Jim nodded and watched him go, and then turned back to gaze at Sandburg's bruised face. "You look like hell, Chief," he murmured. "And you've got more machines pumping and swishing and beeping…well, let's say it's a busy place. The surgeon said…well, he said that the coma is to give your body time to recover, or he hopes that's what it's about. But, you had a few good whacks on the head…anyway, he said it might be a few days before you wake up." Jim paused, his voice cracking, and it was rough and strained as he continued hoarsely, "You will wake up, right, Chief? Promise me, you'll wake up."


Before the day had ended, the guys from MCU had organized themselves into shifts to make sure someone was always at the hospital with Jim, if only to make sure he ate at least once a day, and went home to sleep at some point, even if only for a few hours at a time. Though they also spent time talking to Blair, they left Jim alone with him a lot, too, figuring he needed the time.

The first day came and went, and then the second crawled by. No change. But no worse, either. They all tried to cling to that, to see hope even in a lack of progress.

The third day, Jim thought he detected a change, and he stood, listening intently, watching his friend. What was it? And then he realized that Blair's heart was slightly stronger, its beat more regular. Not normal, not yet…but better. Reaching out, he lightly touched Sandburg's cheek and thought the kid didn't seem so cool to his touch, either. "Can you hear me, Chief?" he asked. "Are you starting to wake up? It's going to hurt, buddy…but they can give you something to help that. I know drugs aren't your favourite thing, Sandburg, but I think you can make an exception just this once."

But, there was no further response. After a bit, he sat down again. God, he was tired. His body ached from the tension and lack of sleep. His skin itched and his senses of taste and smell seemed heightened. He figured he knew what was it about. His whole body was attuned to get some sign from Sandburg's too still body. Anything that would signal that his friend was in there somewhere, and would come back. Today, next week…just so long as he came back, and was all right.

Stress took its toll, and Ellison found he couldn't always force back every tear that burned in his eyes. Alone, he'd brushed a drop of salty moisture from his cheek and sniff back others. Falling apart wouldn't help Blair. It wouldn't do anyone any good. But…he couldn't help the ache that devoured him from within. A vast empty chasm of fear and guilt that he couldn't seem to either ignore or fill up with any amount of positive thinking and hope.

"I wish you hadn't done that, Chief. I wish you'd've listened to me…stayed back and safe, like I told you to do," he murmured, not for the first time. "I'm grateful for my life, I guess, but not if it has to cost yours. I don't want to pay that price, Sandburg. Don't make me pay that price."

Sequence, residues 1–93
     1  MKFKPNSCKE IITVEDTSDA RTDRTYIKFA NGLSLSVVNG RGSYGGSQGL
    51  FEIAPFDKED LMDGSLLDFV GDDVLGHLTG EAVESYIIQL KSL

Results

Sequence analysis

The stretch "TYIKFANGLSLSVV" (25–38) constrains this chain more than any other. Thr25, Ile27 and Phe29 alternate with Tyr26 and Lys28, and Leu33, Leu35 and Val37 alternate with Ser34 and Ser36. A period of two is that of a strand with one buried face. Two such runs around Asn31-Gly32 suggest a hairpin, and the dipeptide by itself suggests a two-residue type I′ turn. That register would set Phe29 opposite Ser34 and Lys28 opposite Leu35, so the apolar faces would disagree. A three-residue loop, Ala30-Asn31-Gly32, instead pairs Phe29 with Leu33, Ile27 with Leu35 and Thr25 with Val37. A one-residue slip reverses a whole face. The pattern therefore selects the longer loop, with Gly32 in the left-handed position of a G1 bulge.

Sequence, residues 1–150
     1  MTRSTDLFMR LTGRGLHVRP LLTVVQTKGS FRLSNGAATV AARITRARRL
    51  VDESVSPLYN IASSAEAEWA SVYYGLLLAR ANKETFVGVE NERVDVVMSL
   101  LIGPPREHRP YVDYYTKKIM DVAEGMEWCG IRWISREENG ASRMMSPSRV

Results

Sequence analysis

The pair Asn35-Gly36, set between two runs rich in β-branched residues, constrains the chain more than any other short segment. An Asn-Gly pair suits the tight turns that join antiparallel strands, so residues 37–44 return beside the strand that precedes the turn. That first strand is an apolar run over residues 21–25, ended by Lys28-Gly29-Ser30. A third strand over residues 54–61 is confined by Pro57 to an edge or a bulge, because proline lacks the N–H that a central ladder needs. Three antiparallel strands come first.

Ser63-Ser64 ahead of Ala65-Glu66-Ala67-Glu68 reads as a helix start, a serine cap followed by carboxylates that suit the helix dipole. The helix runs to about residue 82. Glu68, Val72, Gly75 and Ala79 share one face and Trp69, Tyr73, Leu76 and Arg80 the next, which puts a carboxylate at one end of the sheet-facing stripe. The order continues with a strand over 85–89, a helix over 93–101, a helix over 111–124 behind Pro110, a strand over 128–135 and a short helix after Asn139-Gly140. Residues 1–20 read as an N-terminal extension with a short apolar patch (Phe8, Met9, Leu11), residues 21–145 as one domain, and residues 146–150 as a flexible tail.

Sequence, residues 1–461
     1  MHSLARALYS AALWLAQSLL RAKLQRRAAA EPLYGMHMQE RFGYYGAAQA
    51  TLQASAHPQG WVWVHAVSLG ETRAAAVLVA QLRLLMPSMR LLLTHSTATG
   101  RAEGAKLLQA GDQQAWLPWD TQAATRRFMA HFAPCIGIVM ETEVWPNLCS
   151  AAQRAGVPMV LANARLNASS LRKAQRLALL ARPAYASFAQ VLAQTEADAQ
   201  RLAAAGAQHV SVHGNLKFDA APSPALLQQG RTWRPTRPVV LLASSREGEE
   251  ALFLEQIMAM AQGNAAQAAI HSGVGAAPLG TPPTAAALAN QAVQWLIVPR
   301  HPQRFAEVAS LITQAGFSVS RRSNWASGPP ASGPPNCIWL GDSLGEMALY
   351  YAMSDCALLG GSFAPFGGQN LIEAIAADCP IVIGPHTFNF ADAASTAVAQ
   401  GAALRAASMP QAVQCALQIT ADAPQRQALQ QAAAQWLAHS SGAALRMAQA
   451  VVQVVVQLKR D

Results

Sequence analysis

The third day disappeared and the fourth dawned. By then, the doctors were convinced that Blair was coming up through the fog of coma. He was moaning from time to time, and he seemed to be fighting the respirator, so they took it out.

Everyone heaved a sigh of relief when Sandburg kept breathing on his own.

When Simon came in that afternoon, Ellison looked up and shook his head. No change. Blair hadn't awakened yet.

Simon sighed as he sat down. "The doctor said it could be days," he consoled.

"Looks like he was right," Jim grunted. "I can't stand this, Simon. It's just so…wrong! I can't ever do this again. If he…if he gets better, we've got to come up with a better way of controlling these damned senses. I can't keep dragging him into danger."

"Don't tell me," Simon replied, holding up his hands as if to fend off an attack. "I'm not the one you have to convince. You know Sandburg's not about to let you do some stuff, like long stakeouts, on your own. I just don't think that's ever going to happen."

"No? Well, I'll just have to get him to see reason, that's all," Jim retorted. "This…this is too much. Hell, Simon, what if…what if…"

But his voice broke and he couldn't get the words out. Taking a breath, he complained, "I can't even find his mother. I don't know where to begin looking. I don't know what he'd want done, if…"

Again, his voice caught. If he didn't wake up. If he died. Words that didn't bear thinking about, let alone saying.

"One step at a time, Jim," Simon murmured quietly.

Closing his eyes, Jim reflected how odd it was to hear comforting gentle tones from a man who more routinely bellowed at the top of his voice or growled when he wanted your attention. Stumbling a little over the words, he said, "You've been a good friend, Simon. Through all of this. Thank you."

"Yeah, well, if it was Daryl lying there, you'd be doing the same for me," Simon muttered. Jim didn't protest the comparison, just nodded and returned his gaze to Blair's face. The bruising was a little lighter and the swelling had gone down. They'd taken off the bandage around his forehead to leave the stitches open to the air. Looked pretty ugly, but the nurse had said there'd hardly be a scar once it was all healed. His gaze wandering down Sandburg's body, Jim wondered if the same could be said for the rest of the incisions once they, too, had finally healed.

"He doesn't deserve this Simon!" Jim grated. "Do you know how long it will take him to recover…if he recovers? The pain…because of me and my damned senses! It's not worth it! I'm not worth it…"

"Like I said, I'm not the one you'll have to convince about all that Jim," Simon replied patiently. "H. was right the other day when he so bluntly pointed out that Sandburg is his own man. He makes his choices for reasons that he believes are right. You didn't put him in this bed, Jim."